Informative and lead capturing landing pages have been used by start-ups and established businesses alike for decades.
Businesses use landing pages for a wide variety of reasons, but perhaps the main ones are to gauge market interest in advance of major investments into a new product, to direct people towards a certain part of the website or product, and to start building interest in something – even before it’s launched.
A landing page has to work hard for your business, capturing the attention of the customer/visitor enough to make them take an action, which could be as simple as a click to somewhere else on your website, or you might need them to fill in a form, or maybe even make a purchase.
The page should give the user enough justification to sign-up. With so many apps, social media channels and websites vying for people’s attention, downloading yet another of any of these, or getting them to act on yours, is not as simple as it used to be. People want less noise, not more.
People won’t sign up just because you have taken the trouble to make a page - there needs to be a compelling reason.
So, what is a landing page?
It’s not so much a homepage as a standalone web page, created specifically for a marketing or advertising campaign.
The landing page is, quite literally, where a visitor “lands” after they click on a link in an email, or on ads from social media… basically anywhere you have placed an ad directing them to it.
When it comes to what you want from a web page, the list is endless. They can have many goals, depending on what your business or product is or does.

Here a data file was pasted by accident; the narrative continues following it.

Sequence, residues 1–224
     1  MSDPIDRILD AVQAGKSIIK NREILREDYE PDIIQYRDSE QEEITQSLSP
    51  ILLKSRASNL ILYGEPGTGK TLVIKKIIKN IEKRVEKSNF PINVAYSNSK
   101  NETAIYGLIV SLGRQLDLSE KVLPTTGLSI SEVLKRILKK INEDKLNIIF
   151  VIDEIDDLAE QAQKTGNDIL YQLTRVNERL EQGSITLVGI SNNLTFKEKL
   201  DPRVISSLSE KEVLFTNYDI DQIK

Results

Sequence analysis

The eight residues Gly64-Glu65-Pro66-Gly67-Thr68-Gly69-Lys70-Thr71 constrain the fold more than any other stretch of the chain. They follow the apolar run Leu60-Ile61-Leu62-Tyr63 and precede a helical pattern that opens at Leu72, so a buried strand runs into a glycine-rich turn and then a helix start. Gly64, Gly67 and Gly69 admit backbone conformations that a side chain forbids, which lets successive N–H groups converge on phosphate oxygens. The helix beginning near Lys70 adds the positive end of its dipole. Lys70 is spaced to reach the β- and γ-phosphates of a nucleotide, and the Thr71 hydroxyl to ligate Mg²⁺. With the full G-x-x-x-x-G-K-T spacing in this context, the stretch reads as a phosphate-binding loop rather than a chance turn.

They should all encourage the user to ‘explore’. Landing pages, however, are designed with a single goal or focus, known as a ‘call to action’ (CTA).
Landing pages lead customers to a specific product, offer, or service, and encourage them to take your chosen action. This is a golden opportunity to create conversions and build your customer base.
According to HubSpot, the best thing you can do to increase your ROI is to create a landing page. They say that nearly 1 in 10 people who make it to a landing page will become potential customers or leads.
“If you’re new to the world of converting web traffic, that number might not seem impressive, but when you do the math, there’s reason to believe that 1,000 people could become leads on your landing page if 10,000 people visit it.” (HubSpot)
What are the benefits of implementing landing pages?
In short, the benefits can be endless and landing pages as a lead generation tool should be thought of, in most cases, as being indispensable to your business.
- To increase customer conversions
- To lower the cost of lead/sales acquisition
- Provide additional insights into your target audience and their behaviors
- Grow your email subscriber list
- They’re testable – giving you valuable results/data
- You can measure metrics directly linked to your business goals
- They add ‘context’ to your offer – explaining what your marketing idea can do for the consumer and why they need it
- They increase your brand value and give you credibility by building trust
Quick facts about landing pages:
- 68% of B2B businesses use landing pages to generate leads for future conversion (Marketing Sherpa)
- The average conversion rate for search ads is 2.7%. The average conversion rate for a landing page is 5-15%. (HubSpot).
- Businesses using optimization software for their landing pages see an average conversion lift of 30% (Unbounce).